Elder Lee asks "what shall we do about all this?" and then quotes the Doctrine and Covenants, during another time when the saints "sought earnestly from the Lord as to how they were to meet the threats of their enemies."
[The Lord's answer was], “Therefore, renounce war and proclaim peace, and seek diligently to turn the hearts of the children to their fathers, and the hearts of the fathers to the children.” After giving his law to parents to teach and train their children to walk uprightly before the Lord, he indicated his displeasure relative to those among us who, in his language, “are idlers … and [our] children are also growing up in wickedness; they also seek not earnestly the riches of eternity, but their eyes are full of greediness.”
"In plain language, then," (Elder Lee continues):
"the Saints were told that to avoid war with their enemies they must renounce war and proclaim peace and to see that this was to begin within the home where fathers and children would be at peace with each other… 
[God] didn’t leave us with any question as to the prime place in his church and in the world where…the battle against evil…would break out into armed conflict. …If these words are clearly understood, we have been told where the roots of all evil are to be found. Our children have not been properly taught by parents in the home. [And] our communities have adopted policies which encourage idleness instead of work.…"
I love how Elder Lee brings us down into focus—from the huge panoramic scope of the wars and wickedness of the world, down suddenly into the actual battleground, the actual place where the fight against evil takes place: in our homes. Our families. Our communities. The conflict that occurs every time we want to argue, or shirk a responsibility to love. Every time we want to choose idleness over work. THIS is where we must choose God, choose obedience, choose peace. And THIS is where the world will change.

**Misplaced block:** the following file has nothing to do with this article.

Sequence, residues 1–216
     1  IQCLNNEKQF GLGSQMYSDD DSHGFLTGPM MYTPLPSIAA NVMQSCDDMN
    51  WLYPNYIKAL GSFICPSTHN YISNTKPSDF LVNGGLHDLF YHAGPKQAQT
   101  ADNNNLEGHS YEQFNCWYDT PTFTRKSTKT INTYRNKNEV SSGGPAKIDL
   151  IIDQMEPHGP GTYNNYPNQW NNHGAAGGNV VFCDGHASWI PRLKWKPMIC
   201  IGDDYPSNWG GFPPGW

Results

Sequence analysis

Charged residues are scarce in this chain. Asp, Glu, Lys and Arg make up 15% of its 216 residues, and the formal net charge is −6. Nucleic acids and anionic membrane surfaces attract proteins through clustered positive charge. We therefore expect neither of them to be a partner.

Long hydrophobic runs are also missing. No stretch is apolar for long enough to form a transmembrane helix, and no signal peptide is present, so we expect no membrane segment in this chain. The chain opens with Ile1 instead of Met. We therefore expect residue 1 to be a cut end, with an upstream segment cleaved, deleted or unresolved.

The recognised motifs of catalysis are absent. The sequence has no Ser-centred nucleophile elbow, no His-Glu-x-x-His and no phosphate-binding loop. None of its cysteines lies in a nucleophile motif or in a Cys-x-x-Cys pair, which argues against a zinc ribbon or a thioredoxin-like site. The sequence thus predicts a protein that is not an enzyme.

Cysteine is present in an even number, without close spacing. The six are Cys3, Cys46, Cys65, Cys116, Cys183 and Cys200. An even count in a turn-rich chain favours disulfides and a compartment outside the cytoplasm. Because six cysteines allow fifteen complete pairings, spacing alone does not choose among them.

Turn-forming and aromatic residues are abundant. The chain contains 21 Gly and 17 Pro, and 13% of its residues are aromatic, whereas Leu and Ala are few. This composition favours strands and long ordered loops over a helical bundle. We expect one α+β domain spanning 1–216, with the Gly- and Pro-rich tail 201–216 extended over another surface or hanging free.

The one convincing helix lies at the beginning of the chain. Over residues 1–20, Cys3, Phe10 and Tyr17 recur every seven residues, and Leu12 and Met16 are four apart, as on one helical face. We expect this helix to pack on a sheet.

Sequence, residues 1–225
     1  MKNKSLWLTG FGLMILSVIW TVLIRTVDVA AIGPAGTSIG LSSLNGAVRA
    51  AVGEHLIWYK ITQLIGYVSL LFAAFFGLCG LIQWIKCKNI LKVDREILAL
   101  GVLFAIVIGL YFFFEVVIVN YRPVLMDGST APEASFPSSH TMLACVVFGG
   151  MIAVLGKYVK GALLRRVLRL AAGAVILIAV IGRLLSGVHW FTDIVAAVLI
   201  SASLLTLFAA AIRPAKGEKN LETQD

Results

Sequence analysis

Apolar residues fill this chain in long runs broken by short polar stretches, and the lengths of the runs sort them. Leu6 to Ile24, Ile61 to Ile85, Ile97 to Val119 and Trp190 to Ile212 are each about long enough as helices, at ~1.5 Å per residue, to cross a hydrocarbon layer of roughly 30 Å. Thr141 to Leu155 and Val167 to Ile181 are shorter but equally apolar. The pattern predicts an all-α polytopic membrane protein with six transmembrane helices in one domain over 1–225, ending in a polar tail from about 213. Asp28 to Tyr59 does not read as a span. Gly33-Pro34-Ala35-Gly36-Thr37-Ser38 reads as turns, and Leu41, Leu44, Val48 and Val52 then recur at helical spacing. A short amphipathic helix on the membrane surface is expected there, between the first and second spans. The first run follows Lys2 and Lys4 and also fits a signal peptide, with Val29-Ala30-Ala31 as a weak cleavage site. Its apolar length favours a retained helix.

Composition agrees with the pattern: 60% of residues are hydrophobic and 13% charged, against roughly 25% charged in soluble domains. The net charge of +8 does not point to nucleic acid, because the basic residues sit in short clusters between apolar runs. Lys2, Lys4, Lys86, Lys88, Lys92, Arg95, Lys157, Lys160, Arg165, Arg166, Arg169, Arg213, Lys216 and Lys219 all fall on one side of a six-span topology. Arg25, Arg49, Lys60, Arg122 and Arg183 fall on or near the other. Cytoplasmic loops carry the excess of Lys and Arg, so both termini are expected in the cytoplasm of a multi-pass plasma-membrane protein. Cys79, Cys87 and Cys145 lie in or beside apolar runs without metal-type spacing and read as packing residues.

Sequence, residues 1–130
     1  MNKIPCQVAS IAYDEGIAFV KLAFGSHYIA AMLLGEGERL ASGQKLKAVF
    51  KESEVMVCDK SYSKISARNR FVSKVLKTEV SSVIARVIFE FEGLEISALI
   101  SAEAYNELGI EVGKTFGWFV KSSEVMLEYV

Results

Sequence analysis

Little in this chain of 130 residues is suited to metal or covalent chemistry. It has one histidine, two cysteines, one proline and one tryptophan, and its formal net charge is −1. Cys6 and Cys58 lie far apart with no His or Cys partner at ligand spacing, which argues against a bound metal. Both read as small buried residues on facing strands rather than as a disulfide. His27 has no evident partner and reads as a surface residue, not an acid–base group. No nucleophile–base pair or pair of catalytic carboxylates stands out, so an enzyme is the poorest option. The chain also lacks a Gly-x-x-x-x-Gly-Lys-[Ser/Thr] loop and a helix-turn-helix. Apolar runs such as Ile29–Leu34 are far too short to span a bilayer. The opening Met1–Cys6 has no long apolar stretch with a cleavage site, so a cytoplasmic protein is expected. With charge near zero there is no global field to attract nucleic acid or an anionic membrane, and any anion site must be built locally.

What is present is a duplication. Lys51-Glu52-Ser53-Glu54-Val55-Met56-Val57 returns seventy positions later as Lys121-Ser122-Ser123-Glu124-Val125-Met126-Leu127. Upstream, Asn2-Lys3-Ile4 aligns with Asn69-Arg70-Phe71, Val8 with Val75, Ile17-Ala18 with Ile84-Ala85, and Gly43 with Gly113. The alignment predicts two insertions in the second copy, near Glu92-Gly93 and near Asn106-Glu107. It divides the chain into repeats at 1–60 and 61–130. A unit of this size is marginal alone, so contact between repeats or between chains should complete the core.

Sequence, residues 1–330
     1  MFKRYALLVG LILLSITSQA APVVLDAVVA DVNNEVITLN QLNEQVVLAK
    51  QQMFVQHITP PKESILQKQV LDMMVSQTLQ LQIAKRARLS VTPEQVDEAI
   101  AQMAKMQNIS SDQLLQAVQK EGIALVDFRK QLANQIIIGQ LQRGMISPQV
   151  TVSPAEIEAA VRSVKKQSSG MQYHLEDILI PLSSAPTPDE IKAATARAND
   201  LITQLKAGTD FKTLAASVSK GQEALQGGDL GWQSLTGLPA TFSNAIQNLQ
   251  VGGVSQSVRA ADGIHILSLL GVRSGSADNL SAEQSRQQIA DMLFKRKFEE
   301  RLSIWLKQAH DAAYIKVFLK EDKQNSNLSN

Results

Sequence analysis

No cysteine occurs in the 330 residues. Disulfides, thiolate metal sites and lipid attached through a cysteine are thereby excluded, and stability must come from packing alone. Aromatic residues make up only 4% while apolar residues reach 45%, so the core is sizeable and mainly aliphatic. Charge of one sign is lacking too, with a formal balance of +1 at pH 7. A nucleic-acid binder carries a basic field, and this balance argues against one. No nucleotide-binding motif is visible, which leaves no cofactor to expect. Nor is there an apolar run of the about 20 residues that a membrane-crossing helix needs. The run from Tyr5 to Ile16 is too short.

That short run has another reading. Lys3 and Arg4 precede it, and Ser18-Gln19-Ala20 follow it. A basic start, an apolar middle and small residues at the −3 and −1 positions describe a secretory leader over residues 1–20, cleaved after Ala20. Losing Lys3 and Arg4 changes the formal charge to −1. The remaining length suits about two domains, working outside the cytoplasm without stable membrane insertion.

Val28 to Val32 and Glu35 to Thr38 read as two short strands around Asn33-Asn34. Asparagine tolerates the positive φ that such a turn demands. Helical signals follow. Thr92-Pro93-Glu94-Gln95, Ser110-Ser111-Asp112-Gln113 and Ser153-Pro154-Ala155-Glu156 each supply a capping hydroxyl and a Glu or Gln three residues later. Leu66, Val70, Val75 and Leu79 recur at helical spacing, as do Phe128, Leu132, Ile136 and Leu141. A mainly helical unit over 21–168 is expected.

It's simple, but perfect in its simplicity. Come home, and make your garden grow.

Next, Howard W. Hunter takes up the theme with "Spiritual Famine." He starts with the striking metaphor from Amos:
“Behold, the days come, saith the Lord God, that I will send a famine in the land, not a famine of bread, nor a thirst for water, but of hearing the words of the Lord: And they shall wander from sea to sea, and from the north even to the east, they shall run to and fro to seek the word of the Lord, and shall not find it.”
Then Elder Hunter quotes a minister from another church saying, "We are asked to turn to the church for enlightenment but when we do we find that the voice of the church is not inspired. The voice of the church today is the echo of our own voices. …"

I sat up and took notice of this, as I have been thinking for some time about how the most helpful time to have divine guidance is when the answer is something counterintuitive, something we wouldn't have come up with ourselves. A God that agrees with humans all the time would be no help to us at all! I keep reading criticisms of the church that dwell on the sticking points, when a member's "conscience" or reason or intuition tells him, "Your leaders are wrong on this! You know better." But I can't help feeling that such times are exactly when we MOST need the guidance of a higher being, and should be most willing to obey and trust God. 

Elder Hunter then says, 
"The church of Jesus Christ provides maximum opportunity for involvement of its members. From early youth to the last years of life, satisfying and meaningful activity and responsibility are available to all who are worthy and willing."